There are things about the Android OS that cancels each other out.  It's the only mobile OS that seem to have things that are half-baked.  Again, it's very much like a desktop OS this way.

The notification system is better than the iOS, but still not as good as the WebOS.  You have to slide out a window pane to access them, but they don't ever get in your way.  In this manner, it's better than the iOS.  However, you need to pull down the pane to do anything with them, which is not as good as the WebOS.

Multitasking is real.  Backgrounded apps continue to run as if they are in the foreground, so if something needs their numbers crunched, or uploaded, or streamed, you it can be done while you do something else.  However, switching betweens multitasked apps isn't as good as the WebOS.  It's more or less like the iOS.  You have to hold down the home button to bring up the last 6 (last 8 in Froyo) opened apps.  To really see all backgrounded apps, you need a third party manager like Advanced Task Killer.  You can manage them without one, you that requires you to dig into the Settings area under Manage Applications, whichi s tedious.

Also, multitasking is so much like a desktop OS, it's actually a fault in some cases.  For example, if you have a music app running in the background, and you start a different music app, both will play at the same time!  In both WebOS and iOS, if you start another audio application, it will pause or stop the other one.

What I Dislike
Because it's a free mobile OS, everyone is having a free-for-all.  While in practice, it's a good thing, but it's also what prevented Linux from becoming more mainstream.  For a platform to be sucessful, it has to have a united front.  Ubuntu is bringing this to Linux, being the most popular and most consumer-friendly Linux distrubution yet.

With HTC creating SenseUI (also very popular and easy to use, thus the most liked), Motorola with the MotoBlur, and Samsung with the TouchWiz, Android just isn't really Android anymore.  These custom interfaces not only changes the Android experience for the user, but also slows down upgrading when a new version of Android comes out.

There is only one true Google Experience phone: the Nexus One.  Google needs to push this phone in retail stores.  It doesn't have to be with carriers, but what about places like Best Buy, Radio Shack, Walmart, and Fry's Electronics?  Places where people can grab the phone and play with it.  This phone wasn't just a nice piece of hardware, it was Google's official Android phone that didn't have any added sweeteners like SenseUI.  It was also sold unlocked.  We need more phones like this, and not just an Android, either.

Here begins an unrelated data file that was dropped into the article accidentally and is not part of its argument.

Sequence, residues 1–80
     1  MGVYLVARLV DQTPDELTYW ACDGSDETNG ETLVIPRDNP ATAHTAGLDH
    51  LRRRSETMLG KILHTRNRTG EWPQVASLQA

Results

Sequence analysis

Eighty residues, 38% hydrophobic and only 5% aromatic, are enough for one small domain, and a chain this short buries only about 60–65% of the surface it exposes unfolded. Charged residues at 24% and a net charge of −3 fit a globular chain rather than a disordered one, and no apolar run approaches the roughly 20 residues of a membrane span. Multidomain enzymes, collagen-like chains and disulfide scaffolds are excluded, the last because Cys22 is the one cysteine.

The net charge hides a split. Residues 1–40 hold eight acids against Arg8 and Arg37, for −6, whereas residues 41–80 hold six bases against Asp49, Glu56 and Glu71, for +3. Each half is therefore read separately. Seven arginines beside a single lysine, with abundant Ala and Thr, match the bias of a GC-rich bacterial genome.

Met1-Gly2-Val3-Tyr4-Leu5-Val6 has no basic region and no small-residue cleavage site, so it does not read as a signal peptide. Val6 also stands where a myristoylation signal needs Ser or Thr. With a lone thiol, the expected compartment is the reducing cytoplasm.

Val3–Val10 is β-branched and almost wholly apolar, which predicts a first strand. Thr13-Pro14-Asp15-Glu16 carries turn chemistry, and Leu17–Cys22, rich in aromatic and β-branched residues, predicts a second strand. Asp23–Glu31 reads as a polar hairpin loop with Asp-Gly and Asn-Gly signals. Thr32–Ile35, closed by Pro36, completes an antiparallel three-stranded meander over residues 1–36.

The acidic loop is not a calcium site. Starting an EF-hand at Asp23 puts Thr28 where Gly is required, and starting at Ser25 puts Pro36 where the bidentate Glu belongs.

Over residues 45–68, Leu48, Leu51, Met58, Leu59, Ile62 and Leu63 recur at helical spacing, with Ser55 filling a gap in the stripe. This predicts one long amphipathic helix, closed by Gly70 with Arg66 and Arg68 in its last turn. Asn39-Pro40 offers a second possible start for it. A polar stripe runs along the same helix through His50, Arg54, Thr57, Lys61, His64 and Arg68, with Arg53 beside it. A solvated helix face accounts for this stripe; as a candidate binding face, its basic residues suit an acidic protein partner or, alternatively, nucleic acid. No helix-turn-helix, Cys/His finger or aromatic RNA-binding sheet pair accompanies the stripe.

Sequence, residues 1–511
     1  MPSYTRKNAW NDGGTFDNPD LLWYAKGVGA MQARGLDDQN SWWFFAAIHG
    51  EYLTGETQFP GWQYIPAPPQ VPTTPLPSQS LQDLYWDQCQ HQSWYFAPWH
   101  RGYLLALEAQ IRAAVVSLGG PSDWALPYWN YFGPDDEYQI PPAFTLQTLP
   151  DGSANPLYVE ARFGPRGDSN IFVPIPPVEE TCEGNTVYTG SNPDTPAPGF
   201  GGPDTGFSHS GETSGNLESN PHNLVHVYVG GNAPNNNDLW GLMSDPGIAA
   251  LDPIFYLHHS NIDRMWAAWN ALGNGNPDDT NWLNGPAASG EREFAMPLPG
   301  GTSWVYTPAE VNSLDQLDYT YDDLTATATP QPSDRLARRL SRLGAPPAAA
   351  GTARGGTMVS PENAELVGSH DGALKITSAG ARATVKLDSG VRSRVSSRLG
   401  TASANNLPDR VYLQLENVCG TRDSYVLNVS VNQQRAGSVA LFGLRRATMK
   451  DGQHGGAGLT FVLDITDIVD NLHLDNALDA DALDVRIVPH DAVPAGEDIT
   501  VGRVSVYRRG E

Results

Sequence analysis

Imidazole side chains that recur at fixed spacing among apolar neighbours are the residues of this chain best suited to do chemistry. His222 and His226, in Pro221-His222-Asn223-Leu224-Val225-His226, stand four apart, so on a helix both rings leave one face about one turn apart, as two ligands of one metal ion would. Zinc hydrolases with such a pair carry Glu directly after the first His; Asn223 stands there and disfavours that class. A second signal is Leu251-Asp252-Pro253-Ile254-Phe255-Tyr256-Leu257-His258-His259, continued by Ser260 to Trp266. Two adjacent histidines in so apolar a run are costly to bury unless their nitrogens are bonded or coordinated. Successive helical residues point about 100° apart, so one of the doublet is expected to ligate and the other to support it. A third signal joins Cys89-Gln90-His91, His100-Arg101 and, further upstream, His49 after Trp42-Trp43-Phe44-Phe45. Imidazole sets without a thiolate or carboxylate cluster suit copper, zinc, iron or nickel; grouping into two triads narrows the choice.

The Upshot
I've decided to stay with the iPhone 4, but only because I can sell my old 3GS for a decent price, as well as apps I've previously bought.  I'd like to see how the other camps develop in the future.  Hopefully HP will give WebOS the hardware it needs, and Google gives us some indication that they are still interested in making and selling their own Google Experience phones in the future.

It's truly the marriage of hardware and software that helped seal the deal.  The iPhone 4 is extrenely well built, and the materials Apple used felt good and solid.  The OS is familar, so while it's kind of boring now, it fits like an old glove.  I find the little things Apple did to the OS and hardware makes it easy to use in a car, while I fumble a bit on the EVO 4G and on the Palm Pre (though a bit less so than the EVO).

I still can't help but keep looking at the other side to see what I'm missing, though.


Related Epinion Reviews

Apple iPhone 4


Palm Pre Plus

Reader Comments

There are no comments for this journal entry. To create a new comment, use the form below.

PostPost a New Comment

Enter your information below to add a new comment.

My response is on my own website »
Author Email (optional):
Author URL (optional):
Some HTML allowed: <a href="" title=""> <abbr title=""> <acronym title=""> <b> <blockquote cite=""> <code> <em> <i> <strike> <strong>